July 7, 2010
I know you have reservations about going through an assessment so I propose a mutual commitment of things we can both do to make this process as painless as possible:
You agree to do the following:
- Gather as many of the policies, procedures, and supporting documentation available before I arrive. In other words, if you say you do something, be able to provide some sort of evidence that it is being done.
- Schedule interviews with the people who “do” the actual work, not the managers that think they know what’s happening down in the trenches. I’m sure you think you know what is supposed to occur, but in the interest of not wasting our time, I’d prefer to speak with those that actually do the work.
- Identify your environment. Make sure there is an updated network diagram and a matrix detailing all of the systems that deal with sensitive information. For example, during the assessment is not the time to discover the backup of the production database under the receptionist’s desk, which was replicated “just in case.”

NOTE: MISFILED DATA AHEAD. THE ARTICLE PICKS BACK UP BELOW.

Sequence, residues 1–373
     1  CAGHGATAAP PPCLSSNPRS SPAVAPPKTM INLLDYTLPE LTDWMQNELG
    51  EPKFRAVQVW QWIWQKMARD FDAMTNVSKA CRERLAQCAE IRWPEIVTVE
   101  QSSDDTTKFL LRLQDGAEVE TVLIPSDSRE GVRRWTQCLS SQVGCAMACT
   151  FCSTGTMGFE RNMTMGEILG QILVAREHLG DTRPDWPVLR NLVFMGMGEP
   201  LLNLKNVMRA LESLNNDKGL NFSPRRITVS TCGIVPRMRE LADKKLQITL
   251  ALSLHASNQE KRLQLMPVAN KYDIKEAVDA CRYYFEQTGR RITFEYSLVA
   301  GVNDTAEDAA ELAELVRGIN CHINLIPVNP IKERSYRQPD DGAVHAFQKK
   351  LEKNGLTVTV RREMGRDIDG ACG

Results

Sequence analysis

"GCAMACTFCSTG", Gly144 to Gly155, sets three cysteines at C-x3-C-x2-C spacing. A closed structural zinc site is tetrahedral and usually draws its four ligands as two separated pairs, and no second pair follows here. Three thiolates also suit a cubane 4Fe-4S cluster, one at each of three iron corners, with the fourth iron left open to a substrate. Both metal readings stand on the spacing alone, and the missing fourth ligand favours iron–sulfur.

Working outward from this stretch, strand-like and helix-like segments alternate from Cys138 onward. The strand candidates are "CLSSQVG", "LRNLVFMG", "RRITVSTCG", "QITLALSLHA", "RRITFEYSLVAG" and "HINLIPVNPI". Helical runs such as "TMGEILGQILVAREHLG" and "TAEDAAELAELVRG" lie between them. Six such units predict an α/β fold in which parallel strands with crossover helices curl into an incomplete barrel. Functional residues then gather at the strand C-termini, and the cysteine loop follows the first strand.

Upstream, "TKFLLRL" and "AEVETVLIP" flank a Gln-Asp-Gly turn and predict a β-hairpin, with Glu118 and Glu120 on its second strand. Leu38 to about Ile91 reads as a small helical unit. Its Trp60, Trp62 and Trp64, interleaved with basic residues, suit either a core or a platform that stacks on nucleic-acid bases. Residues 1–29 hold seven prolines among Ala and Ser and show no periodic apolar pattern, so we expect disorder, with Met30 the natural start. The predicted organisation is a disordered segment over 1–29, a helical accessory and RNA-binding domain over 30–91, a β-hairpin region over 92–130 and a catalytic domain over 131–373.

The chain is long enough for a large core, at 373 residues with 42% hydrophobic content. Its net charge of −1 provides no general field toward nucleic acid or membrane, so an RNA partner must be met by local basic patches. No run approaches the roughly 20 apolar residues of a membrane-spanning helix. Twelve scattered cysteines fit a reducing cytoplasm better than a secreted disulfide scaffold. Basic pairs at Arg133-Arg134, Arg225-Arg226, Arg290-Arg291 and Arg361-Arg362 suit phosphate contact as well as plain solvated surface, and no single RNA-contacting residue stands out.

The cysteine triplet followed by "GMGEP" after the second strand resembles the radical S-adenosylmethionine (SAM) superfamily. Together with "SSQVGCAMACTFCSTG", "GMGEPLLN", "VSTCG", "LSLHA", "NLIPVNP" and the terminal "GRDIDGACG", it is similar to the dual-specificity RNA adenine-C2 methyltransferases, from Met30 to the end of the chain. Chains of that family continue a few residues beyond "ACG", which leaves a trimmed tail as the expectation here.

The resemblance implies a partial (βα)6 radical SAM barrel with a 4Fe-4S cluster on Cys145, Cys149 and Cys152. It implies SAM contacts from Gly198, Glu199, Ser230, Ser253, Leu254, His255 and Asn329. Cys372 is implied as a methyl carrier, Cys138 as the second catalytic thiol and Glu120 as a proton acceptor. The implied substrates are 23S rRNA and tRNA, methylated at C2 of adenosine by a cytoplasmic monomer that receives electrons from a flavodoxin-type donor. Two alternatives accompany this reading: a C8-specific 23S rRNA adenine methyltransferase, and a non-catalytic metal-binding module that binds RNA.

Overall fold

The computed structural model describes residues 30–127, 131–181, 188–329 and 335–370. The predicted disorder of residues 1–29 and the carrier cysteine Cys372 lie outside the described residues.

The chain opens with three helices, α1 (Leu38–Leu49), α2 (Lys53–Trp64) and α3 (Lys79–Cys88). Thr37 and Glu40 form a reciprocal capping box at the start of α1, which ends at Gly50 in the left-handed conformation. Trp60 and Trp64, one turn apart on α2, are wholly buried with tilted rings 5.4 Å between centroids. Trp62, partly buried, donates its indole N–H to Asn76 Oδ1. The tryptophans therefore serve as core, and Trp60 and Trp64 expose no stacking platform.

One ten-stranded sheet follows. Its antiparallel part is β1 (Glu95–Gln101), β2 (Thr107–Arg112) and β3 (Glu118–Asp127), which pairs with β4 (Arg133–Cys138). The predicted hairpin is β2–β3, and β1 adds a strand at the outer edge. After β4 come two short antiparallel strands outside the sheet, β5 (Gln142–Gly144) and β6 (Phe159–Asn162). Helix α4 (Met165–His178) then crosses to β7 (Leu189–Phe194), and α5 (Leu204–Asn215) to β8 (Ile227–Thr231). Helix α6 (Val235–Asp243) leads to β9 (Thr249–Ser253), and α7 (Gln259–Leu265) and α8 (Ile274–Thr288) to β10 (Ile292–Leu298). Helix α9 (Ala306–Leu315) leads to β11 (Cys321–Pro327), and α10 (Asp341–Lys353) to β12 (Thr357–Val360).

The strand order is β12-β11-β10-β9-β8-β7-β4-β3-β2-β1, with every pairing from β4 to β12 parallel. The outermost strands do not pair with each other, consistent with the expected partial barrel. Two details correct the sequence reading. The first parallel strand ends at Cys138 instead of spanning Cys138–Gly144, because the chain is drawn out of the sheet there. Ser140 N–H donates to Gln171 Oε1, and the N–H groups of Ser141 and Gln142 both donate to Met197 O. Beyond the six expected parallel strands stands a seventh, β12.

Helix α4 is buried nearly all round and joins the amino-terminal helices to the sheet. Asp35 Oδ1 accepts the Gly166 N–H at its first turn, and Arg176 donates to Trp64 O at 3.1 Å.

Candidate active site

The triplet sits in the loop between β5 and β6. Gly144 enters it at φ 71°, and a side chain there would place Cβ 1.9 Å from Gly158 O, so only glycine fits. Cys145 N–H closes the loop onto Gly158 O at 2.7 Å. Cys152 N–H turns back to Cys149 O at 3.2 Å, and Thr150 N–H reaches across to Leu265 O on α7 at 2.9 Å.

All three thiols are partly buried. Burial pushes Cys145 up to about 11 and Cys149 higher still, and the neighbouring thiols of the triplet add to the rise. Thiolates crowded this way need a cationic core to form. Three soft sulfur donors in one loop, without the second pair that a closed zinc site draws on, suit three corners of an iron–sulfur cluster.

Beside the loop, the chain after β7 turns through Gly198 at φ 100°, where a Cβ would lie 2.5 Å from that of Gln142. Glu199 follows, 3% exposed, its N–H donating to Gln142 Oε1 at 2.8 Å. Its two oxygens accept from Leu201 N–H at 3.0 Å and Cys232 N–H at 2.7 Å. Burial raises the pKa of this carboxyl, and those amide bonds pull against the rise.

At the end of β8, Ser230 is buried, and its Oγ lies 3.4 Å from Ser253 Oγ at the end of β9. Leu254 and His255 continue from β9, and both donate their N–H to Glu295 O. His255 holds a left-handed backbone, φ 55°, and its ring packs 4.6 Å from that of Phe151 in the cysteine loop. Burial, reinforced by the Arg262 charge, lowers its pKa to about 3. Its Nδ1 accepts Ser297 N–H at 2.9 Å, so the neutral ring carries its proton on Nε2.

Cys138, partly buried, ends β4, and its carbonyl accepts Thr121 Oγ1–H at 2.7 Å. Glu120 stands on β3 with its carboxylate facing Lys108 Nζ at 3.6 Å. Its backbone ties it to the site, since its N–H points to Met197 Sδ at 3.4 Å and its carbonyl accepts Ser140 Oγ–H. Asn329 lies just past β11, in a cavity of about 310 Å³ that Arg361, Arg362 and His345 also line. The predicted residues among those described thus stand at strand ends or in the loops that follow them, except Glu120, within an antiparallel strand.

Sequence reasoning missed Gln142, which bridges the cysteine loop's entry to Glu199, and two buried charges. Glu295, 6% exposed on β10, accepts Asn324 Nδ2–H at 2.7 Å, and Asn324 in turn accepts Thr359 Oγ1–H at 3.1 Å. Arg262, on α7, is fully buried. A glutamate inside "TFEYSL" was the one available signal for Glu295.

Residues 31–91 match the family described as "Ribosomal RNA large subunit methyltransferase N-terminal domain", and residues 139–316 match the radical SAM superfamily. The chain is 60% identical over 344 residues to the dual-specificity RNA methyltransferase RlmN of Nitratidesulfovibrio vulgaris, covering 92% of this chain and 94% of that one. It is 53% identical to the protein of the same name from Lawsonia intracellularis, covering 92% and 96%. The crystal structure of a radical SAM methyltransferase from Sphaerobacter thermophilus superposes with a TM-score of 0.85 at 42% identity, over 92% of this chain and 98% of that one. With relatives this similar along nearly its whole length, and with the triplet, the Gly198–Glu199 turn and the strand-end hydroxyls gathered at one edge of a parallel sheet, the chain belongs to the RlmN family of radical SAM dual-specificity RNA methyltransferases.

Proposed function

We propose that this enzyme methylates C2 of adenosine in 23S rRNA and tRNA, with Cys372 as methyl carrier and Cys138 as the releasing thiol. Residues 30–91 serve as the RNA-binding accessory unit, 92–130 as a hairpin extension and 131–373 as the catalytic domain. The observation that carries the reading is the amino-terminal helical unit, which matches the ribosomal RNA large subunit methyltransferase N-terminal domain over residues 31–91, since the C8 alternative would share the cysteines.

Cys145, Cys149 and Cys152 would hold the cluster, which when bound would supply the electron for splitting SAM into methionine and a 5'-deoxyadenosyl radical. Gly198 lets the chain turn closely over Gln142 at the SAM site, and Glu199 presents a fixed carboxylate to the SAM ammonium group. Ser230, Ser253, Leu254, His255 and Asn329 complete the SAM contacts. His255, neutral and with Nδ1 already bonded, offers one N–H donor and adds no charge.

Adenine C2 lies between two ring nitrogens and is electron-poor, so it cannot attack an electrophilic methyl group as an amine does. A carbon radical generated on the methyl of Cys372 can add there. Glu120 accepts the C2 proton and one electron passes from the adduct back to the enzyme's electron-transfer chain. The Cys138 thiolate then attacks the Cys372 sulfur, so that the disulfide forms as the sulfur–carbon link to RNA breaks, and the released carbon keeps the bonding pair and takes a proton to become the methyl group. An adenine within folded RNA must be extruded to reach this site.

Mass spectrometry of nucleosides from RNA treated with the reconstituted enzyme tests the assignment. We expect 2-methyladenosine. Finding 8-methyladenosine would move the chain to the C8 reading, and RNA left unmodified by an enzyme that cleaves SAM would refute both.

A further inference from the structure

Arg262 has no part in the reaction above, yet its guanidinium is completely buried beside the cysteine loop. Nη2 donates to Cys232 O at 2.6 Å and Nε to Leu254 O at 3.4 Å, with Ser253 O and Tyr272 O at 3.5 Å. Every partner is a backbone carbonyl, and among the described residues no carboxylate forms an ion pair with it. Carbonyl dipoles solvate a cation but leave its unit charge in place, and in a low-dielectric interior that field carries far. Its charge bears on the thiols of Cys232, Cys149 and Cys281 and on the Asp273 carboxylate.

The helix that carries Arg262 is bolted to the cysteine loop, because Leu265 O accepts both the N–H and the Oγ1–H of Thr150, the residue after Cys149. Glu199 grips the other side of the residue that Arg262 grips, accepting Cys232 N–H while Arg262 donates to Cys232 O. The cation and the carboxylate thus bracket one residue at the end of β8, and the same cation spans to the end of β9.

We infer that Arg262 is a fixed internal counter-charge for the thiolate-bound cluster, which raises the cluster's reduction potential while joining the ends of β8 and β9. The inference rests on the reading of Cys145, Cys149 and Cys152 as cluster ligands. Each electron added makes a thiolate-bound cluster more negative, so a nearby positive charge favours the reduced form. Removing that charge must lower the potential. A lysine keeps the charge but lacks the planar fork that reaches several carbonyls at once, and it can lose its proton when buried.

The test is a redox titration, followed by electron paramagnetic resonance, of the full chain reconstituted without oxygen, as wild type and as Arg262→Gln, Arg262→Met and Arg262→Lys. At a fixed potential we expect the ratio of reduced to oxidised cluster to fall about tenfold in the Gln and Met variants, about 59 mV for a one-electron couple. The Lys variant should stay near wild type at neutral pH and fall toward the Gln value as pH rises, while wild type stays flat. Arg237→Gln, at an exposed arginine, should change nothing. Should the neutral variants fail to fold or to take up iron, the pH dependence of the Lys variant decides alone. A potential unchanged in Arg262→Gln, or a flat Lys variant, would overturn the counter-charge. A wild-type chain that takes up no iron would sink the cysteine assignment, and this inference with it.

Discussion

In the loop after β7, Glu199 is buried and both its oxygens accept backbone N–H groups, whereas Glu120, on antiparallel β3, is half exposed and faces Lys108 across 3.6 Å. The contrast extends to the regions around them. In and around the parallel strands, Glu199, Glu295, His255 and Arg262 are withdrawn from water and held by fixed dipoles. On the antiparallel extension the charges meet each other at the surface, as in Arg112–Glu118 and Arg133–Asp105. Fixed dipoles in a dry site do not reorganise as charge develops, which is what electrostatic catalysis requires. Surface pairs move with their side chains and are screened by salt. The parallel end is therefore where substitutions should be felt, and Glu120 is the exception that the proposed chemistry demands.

I agree to do the following:
- I will not be your enemy. My goal is not to publicly humiliate you or your staff. The goal is to work together to identify any gaps in your infosec program in order to make it better.
- I will not know everything there is to know. I encourage you to “push back” if you do not agree with anything I say or find. I welcome conversation as it better helps me understand your environment.
- I will not ask “trick questions.” If you want to mislead me, then that is on you. I am going to ask you what I need and want to know.
An assessment can be a learning experience and by agreeing to the terms listed above you can expect the same courtesy in return. As this can help in easing the pain that is….A security assessment.
Disclaimer: I do not speak for all infosec assessors, neither good nor bad. These are my own thoughts based on my own experiences.